Chimps Shed Light on How Humans Learned to Share
WEDNESDAY, Dec. 7 (HealthDay News) -- A group of chimpanzees at a research site frequently share hunting tools and food with each other, something that's widely regarded as a defining characteristic of human behavior.
The finding may shed light on how the earliest humans first started sharing, according to study author Jill Pruetz, a professor of anthropology at Iowa State University.
She and her colleagues observed chimpanzees at the Fongoli research site in Senegal and recorded 41 cases of the chimpanzees sharing either wild plant foods or hunting tools with each other.
The Fongoli chimps are "not the only chimps that share, but in terms of the resources that we cover here, that is unique," Pruetz said in a university news release. "I guess all chimps share meat, but they don't share plants or tools. Yet they do here, in addition to meat. It was intriguing when we first started seeing these events."
The Fongoli chimps are the only habituated community of chimps living in a savannah environment and offer insight into the effect of an open, dry and hot environment on social behavior and organization, Pruetz said.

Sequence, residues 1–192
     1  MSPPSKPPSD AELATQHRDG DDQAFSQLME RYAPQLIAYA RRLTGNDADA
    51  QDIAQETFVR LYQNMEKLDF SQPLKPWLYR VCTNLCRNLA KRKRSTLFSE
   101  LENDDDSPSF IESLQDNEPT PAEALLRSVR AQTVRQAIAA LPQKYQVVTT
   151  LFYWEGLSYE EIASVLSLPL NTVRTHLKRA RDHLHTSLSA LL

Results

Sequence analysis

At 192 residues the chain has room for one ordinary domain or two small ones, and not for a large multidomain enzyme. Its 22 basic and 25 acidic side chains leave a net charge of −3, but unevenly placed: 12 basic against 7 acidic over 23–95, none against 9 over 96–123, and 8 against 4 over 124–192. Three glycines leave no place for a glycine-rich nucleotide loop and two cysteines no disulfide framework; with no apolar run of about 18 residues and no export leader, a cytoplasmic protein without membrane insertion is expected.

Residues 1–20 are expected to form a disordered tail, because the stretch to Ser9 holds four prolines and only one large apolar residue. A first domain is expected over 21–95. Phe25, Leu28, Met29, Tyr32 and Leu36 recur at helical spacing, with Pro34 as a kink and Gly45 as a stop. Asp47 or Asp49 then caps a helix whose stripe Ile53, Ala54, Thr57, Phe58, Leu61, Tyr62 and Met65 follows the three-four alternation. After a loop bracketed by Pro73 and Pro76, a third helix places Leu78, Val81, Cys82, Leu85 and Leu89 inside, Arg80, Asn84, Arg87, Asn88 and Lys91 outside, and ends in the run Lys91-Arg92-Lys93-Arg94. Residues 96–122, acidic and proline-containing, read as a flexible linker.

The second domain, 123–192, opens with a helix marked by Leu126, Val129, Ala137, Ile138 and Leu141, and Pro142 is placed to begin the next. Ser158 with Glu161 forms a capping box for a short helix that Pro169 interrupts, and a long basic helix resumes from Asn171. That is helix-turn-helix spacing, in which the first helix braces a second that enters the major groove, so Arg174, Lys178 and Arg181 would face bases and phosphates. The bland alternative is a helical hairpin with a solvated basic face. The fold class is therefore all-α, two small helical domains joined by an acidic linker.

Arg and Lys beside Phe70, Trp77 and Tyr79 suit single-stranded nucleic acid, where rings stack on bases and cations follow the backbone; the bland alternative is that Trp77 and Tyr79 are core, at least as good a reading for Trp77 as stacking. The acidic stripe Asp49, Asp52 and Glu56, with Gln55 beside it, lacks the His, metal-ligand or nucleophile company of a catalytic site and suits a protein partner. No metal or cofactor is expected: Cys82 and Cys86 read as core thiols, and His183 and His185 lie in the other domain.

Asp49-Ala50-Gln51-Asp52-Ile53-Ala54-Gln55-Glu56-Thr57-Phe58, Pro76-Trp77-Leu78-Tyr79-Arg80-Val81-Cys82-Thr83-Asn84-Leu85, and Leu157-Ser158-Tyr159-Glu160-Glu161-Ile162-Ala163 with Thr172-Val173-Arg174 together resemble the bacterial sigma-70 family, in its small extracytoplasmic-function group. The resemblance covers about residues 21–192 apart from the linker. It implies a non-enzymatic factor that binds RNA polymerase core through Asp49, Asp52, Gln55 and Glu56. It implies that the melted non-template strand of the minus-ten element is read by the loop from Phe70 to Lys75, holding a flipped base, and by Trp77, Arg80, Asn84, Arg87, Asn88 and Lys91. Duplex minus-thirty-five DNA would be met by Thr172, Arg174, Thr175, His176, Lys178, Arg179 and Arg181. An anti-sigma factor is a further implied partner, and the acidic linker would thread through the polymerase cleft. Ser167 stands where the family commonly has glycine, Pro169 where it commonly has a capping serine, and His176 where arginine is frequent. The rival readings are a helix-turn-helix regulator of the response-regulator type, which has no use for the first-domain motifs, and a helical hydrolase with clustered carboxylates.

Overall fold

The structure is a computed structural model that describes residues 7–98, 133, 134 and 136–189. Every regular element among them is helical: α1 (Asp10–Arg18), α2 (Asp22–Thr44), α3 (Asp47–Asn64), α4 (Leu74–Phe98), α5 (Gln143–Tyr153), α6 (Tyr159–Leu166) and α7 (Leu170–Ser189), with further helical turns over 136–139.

That means they could provide clues about how the earliest humans began to share.
"There are aspects of human behavior, and I think that's interesting because it's not exactly the same, but it may give you an idea of how it [sharing among early humans] started," Pruetz said. "It's at least one scenario and how it could have come about in our own lineage. To me, it just reinforces how important environment was."
The study is available online in advance of publication in an upcoming print issue of Primates.
The Jane Goodall Institute of Canada has more about chimpanzees.
SOURCE: Iowa State University, news release, Nov. 28, 2011
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